Caladiums, South American bulbs in the aroid family, are our summer answer to northern hostas, but with hot tropical colors. Fancy-leafed caladiums have the largest leaves; strap-leafed caladiums are skinnier, with arching or drooping leaves that hang well out of baskets.
Mixes of dots, dashes, lines and splashes of pink, red, white, cream and green brighten the summer garden beds abandoned by wimpy impatiens unable to take the heat.
In spite of their fragile appearance, caladiums hold their own in South Florida sun and rain, although some protection in midday is good for them.
Botanical name: Caladium X hortulanum.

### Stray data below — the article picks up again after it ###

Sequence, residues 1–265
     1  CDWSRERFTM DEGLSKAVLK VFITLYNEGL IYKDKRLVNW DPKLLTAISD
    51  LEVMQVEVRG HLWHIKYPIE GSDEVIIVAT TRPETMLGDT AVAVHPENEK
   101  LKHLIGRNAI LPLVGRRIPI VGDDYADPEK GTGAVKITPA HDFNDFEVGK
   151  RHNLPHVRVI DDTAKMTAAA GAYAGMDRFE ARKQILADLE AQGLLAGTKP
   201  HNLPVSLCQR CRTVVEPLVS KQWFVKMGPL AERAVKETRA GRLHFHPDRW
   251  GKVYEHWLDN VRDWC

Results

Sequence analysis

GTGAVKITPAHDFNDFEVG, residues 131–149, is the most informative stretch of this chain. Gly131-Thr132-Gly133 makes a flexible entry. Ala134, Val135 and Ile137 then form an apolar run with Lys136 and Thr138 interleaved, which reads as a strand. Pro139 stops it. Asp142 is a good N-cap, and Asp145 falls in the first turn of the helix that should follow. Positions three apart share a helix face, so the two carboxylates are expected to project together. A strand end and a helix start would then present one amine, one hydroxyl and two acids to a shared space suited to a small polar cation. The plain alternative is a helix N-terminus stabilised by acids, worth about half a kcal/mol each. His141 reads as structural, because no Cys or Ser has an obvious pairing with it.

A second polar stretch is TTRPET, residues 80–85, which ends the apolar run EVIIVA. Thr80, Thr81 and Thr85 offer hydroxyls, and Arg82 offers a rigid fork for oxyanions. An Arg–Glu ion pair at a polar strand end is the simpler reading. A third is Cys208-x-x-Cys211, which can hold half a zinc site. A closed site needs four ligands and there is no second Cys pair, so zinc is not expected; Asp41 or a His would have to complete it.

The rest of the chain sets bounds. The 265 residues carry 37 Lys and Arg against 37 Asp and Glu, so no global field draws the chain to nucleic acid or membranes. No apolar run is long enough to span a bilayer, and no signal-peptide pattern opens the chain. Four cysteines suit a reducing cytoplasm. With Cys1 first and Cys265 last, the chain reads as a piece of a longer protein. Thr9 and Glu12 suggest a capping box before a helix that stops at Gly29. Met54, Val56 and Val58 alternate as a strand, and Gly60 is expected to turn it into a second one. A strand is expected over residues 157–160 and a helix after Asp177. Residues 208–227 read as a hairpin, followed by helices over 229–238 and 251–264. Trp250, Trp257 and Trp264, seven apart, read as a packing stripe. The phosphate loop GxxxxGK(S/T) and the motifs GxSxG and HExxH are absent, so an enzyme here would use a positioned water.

Height: 10 to 18 inches.
Light: Shade to full sun, preferably with some shade at midday.
Plant mature plants in early spring through summer. Plant tubers in the early spring one to two inches beneath the surface of a bed enriched with compost or aged manure.
If you’re growing caladiums from bulbs, water sparingly until leaves appear. If you’re growing from transplants, water into the bed and then water two or three times a week, depending on rain.
Use slow-release fertilizer or a small monthly application of 6-6-6. Caladiums will die back naturally in the fall, and you may leave them in the ground over winter.